Self Improvement

50 hobby ideas for people who have no idea.

Hobby ideas for people with no idea

Fancy getting yourself a hobby but have no idea where to start? Check out my list of potential hobbies you could try. Pick a few, try them out, and let me know in the comments how you get on.

1. Knitting.

2. Crochet.

3. Cross stitch.

4. Embroidery.

5. Quilt making.

6. Decoupage.

7. Upcycling.

8. Scrapbooking.

9. Pencil drawing.

10. Water colour painting.

11. Oil painting.

12. Adult colouring books.

13. Writing short stories.

14. Reading novels.

15. Reading comics.

16. Drawing comics.

17. Photography.

18. Graphic design.

19. Photo manipulation (photoshop).

20. Silk screening.

21. Lino cutting.

22. Calligraphy.

23. Litter picking.

24. Volunteer work at an animal shelter.

25. Cooking.

26. Baking.

27. Watching documentaries.

28. Watching films.

29. Watching anime.

30. Dog walking.

31. Hockey.

32. Basketball.

33. Football.

34. Rugby.

35. Tennis.

36. Badminton.

37. Table tennis.

38. Netball.

39. Yoga.

40. Pilates.

41. Zumba.

42. Spin classes.

43. Cycling.

44. Hiking.

45. Speed walking.

46. Glass blowing.

47. Pottery.

48. Sculpting.

49. Leatherwork.

50. Wood crafting.

List of 50 hobby ideas for people with no idea


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Self Improvement

How going vegan will make you happier.

How going vegan will make you happier


First things first, I am not 100% vegan. My sister doesn’t quite understand the concept, and so when I visit her house for dinner or go out for a meal I sometimes won’t stick to it. But for the rest of the time I do actively try to stick to a vegan diet.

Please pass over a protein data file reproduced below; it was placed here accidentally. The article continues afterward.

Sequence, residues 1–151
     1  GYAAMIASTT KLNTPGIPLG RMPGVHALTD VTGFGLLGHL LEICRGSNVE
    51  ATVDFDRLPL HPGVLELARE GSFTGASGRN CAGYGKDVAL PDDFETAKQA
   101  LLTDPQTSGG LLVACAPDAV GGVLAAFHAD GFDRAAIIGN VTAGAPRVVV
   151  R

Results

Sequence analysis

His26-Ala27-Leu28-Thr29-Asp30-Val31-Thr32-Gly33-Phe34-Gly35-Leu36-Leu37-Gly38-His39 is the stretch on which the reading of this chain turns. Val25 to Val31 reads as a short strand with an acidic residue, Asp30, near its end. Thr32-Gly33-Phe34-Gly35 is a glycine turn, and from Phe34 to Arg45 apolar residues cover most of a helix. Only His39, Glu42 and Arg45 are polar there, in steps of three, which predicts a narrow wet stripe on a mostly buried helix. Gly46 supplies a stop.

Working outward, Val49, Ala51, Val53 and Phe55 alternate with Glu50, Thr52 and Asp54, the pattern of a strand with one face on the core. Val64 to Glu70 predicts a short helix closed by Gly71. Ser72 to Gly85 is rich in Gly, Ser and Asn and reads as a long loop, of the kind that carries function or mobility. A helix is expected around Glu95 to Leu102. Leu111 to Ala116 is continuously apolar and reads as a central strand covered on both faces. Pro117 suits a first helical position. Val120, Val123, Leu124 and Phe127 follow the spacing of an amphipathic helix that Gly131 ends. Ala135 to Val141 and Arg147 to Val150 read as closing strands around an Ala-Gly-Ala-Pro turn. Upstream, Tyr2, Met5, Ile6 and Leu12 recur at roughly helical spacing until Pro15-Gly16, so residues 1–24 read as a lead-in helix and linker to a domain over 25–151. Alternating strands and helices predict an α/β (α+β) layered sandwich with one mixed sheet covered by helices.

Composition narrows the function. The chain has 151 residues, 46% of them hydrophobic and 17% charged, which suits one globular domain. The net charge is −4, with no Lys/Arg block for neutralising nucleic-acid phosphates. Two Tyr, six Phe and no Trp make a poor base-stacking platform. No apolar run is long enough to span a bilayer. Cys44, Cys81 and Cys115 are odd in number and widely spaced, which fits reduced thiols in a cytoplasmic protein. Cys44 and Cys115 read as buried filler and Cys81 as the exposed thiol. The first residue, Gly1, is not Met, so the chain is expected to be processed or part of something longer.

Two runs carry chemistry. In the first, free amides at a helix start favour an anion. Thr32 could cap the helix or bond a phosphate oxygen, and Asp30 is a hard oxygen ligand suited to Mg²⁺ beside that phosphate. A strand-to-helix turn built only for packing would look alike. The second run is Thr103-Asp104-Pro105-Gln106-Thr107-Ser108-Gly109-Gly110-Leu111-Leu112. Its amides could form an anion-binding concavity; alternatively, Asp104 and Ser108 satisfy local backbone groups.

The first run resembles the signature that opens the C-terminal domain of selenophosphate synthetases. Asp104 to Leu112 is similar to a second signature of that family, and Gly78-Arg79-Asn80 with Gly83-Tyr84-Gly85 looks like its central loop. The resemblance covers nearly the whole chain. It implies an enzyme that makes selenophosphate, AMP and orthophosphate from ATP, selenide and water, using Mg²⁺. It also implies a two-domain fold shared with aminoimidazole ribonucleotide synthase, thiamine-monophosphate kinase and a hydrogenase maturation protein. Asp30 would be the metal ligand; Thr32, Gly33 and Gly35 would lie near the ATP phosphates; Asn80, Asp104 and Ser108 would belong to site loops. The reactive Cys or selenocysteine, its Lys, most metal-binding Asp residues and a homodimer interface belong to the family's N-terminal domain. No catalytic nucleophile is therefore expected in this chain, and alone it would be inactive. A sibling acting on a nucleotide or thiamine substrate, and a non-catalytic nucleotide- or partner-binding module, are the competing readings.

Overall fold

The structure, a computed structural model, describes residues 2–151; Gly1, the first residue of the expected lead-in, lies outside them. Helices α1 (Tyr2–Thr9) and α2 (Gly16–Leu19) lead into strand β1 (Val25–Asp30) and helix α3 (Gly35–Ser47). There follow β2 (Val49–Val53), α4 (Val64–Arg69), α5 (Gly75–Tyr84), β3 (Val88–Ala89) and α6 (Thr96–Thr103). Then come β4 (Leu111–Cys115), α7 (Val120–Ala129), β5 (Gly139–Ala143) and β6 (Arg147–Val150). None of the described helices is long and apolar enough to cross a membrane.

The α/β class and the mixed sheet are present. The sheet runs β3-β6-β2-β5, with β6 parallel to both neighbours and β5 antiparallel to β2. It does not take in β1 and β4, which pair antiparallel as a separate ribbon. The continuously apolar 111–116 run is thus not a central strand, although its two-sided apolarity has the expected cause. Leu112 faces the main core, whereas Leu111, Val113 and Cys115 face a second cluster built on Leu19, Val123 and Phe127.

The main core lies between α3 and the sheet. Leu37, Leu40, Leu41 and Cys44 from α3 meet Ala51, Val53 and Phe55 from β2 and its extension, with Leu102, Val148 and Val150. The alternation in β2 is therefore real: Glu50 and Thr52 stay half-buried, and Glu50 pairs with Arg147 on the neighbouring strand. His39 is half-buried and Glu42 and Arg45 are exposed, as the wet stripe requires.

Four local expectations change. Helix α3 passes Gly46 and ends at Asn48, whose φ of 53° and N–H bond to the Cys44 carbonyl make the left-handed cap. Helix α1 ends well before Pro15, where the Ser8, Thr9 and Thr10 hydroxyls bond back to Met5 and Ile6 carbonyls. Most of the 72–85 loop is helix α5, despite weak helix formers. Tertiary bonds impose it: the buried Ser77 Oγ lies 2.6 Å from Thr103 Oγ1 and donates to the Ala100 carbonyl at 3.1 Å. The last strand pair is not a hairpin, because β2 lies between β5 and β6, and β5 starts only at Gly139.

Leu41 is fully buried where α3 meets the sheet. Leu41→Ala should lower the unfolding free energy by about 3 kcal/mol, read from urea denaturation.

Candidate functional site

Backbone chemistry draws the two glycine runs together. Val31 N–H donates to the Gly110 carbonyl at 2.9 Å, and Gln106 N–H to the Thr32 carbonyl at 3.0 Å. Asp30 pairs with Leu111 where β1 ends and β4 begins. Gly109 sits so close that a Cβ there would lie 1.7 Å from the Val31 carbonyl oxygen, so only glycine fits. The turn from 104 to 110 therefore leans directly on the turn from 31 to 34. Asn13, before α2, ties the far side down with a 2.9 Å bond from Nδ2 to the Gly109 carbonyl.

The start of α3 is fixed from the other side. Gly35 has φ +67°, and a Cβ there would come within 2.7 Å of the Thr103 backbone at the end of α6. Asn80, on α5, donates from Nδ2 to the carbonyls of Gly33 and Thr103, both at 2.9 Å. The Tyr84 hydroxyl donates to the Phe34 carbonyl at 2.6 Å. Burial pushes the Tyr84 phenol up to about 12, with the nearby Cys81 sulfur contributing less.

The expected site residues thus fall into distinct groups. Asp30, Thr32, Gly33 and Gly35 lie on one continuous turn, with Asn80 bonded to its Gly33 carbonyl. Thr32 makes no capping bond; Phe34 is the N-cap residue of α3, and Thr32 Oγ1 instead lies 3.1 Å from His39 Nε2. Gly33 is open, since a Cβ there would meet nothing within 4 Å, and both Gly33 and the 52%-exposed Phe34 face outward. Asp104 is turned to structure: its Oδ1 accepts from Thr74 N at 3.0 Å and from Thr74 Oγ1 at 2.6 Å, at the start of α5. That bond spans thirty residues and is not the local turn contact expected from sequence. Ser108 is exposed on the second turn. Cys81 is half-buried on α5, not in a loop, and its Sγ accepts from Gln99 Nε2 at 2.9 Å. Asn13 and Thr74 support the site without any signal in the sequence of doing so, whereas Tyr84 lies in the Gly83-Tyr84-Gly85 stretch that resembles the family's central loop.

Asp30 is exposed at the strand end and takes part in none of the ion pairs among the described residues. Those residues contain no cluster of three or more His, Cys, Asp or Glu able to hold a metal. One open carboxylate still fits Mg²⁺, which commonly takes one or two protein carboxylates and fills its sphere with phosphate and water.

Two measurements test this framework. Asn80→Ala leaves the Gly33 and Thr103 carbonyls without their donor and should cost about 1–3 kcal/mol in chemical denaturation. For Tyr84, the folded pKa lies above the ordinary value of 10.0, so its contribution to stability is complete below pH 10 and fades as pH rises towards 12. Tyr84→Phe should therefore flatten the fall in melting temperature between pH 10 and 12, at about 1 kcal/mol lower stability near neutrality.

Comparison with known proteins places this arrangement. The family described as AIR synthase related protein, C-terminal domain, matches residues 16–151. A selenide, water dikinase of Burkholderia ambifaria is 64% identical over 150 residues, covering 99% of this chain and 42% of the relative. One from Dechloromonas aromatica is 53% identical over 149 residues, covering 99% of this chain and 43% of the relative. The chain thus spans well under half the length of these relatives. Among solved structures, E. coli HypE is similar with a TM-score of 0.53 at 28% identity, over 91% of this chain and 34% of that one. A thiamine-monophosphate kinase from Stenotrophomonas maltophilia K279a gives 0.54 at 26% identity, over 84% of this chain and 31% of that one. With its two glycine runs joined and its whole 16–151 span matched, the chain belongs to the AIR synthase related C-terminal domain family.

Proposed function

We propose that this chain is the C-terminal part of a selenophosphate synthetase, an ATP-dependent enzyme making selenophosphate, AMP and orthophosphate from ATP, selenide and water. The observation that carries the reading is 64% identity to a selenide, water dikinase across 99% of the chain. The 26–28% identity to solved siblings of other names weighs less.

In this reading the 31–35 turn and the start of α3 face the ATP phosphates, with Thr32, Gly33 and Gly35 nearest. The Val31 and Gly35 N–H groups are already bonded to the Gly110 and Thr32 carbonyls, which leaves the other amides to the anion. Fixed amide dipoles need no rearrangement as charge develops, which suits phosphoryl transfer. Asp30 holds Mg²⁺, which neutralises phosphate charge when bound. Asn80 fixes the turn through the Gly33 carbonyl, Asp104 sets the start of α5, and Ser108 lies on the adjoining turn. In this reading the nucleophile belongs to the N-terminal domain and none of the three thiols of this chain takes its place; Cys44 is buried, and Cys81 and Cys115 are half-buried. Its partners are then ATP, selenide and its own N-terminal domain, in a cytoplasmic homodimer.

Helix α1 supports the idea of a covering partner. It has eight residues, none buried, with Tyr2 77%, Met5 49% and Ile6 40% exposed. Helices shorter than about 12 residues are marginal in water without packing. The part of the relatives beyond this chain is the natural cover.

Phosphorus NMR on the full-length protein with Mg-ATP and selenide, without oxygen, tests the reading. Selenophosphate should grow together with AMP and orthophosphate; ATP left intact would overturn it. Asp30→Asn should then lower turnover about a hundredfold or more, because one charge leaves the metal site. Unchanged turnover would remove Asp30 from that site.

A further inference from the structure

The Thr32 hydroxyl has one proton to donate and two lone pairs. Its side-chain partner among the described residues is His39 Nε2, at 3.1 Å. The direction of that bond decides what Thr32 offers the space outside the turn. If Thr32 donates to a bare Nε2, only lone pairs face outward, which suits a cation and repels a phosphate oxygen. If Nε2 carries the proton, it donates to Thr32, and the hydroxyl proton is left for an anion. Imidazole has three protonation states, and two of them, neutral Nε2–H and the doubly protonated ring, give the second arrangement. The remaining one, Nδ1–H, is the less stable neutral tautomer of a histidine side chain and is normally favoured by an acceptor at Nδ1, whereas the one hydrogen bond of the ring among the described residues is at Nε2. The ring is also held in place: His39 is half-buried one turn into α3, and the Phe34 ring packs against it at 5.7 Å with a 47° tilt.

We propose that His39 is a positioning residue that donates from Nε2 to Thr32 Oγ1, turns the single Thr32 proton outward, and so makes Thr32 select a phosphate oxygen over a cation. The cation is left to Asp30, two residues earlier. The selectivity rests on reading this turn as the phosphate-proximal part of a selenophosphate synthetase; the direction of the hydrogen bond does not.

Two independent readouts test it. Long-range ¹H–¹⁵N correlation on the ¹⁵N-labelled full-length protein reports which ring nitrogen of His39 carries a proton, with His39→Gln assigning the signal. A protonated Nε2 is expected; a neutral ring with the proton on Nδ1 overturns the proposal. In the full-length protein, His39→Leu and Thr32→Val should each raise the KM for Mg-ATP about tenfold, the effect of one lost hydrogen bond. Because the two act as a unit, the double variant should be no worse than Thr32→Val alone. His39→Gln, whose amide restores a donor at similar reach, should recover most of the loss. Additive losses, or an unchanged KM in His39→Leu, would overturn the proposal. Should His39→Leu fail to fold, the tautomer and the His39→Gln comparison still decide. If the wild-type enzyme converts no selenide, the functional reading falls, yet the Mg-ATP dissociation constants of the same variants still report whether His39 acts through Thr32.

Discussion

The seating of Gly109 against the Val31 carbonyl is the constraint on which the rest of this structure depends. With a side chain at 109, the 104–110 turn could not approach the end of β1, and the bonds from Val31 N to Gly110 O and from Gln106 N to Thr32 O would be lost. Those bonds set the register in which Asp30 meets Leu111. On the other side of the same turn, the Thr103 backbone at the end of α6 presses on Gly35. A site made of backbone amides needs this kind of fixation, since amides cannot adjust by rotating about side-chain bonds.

This all began about a year ago when my partner did turn 100% certified vegan. In the past he’d eaten a lot of meat and dairy and they made him sick. So he made a change, a really really positive change. And he lost a lot of weight, made himself a lot happier and a lot healthier along the way.

Anybody cohabiting with a partner know’s how difficult it can be to cater to 2 different lifestyles, so I adapted and changed my diet too. And I can honestly say it was the best thing we’ve ever done as a couple.

To begin with it was difficult. Like a lot of people I assumed vegans only ate salads and chickpeas. We do eat a lot of salad and chickpea’s, but there is a lot of readily available food out there which just so happens to be vegan friendly.

I did a lot of research into veganism, and as time has gone on I’ve become more passionate about it. My partner and I are both eco-minded and try to do our best for the world, and this naturally seems like a really good step towards reducing our carbon footprints.

But most of all, we’re happier people for it.

We are excited about cooking.